A 50-foot-wide wooded section would be left along Churchill Street, and the developer proposes filling in any gaps with evergreens.
Scalise said a solar array "is a very passive use" of the parcel and one that will add no permanent buildings and require little maintenance of the equipment.
He added that in researching the issue of impact on nearby property values, he found the data sparse concerning a relatively new industry but that only slight declines in value of 3 percent or less have been reported.
Neighbors questioned what would happen at the end of the lifecycle for the solar panels. Scalise said it was once common in the industry for developers to put up a bond to cover removal of the equipment, but it has been shown that, if the panels are not simply replaced with new ones, the scrap value of the equipment far exceeds the value of a typical bond.
In addition, he said, bonds of that type are sometimes difficult to access by a municipality and often expire long before the panels are no longer in use. The ZBA decided to require more in writing on how either the removal of the panels or installation of new panels would be handled.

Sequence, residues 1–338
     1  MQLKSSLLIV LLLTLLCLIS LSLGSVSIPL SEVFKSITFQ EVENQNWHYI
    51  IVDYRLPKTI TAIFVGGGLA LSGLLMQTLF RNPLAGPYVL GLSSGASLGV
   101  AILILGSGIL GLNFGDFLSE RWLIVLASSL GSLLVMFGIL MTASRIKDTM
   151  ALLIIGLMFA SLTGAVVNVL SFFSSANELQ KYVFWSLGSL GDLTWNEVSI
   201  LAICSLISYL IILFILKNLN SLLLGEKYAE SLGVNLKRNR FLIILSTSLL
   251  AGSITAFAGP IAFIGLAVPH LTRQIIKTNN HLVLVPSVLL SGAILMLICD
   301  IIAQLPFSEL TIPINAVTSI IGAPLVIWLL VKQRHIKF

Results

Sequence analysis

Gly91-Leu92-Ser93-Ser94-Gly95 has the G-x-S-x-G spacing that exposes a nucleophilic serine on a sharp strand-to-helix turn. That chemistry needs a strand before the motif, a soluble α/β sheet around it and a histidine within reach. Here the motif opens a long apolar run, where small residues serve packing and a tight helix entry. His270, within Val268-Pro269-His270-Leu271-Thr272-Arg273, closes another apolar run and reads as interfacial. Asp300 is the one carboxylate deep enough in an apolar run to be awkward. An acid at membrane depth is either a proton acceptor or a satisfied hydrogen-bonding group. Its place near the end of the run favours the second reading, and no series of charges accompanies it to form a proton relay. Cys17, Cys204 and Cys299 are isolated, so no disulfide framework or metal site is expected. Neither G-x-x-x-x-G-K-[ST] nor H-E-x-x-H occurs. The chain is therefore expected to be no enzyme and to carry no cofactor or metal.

Driscoll said that, even if the panels were removed in 20 or more years, the land would return to woods and meadow and would remain valuable for other purposes.
Scalise also produced Google aerial maps upon which the array was superimposed, as well as computer-generated views from each neighbor's yard at about 6 feet from the ground. The panels were visible in spots above the planned screening but generally blocked out by vegetation or the green fencing and/or berm.
But for the neighbors present, the issue came down to their right to expect the residential neighborhood they built homes in to remain residentially zoned.
Ralph Cianflone said he has difficulty believing a commercial project of that size is allowed in what has been a semi-rural area of Pittsfield with homes surrounded by attractive wooded areas, meadow and near Onota Lake.
Cianflone was highly critical of a 2013 change in city zoning, which he said was "the poorest [zoning revision] ever done," as it allowed public or quasi-public utilities in a residential zone with a special permit.
The solar array is the type of project allowed under the provision, if a special permit is obtained. The developer has an agreement for sale of the electricity generated to the utility Eversource, with the power to be added to the grid along Churchill Street lines, Scalise said.
"This has not taken into consideration the people who live there," Cianflone said.
He added that the panels themselves could pose a threat if youths were to gain access, since there could be the danger of burns or electric shock from the equipment.
Francis Curro and Cianflone said they would rather the parcel was developed for homes. They said the solar project should be moved to a former GE site or other location in the city, away from a scenic rural neighborhood.
Contact Jim Therrien at 413-496-6247.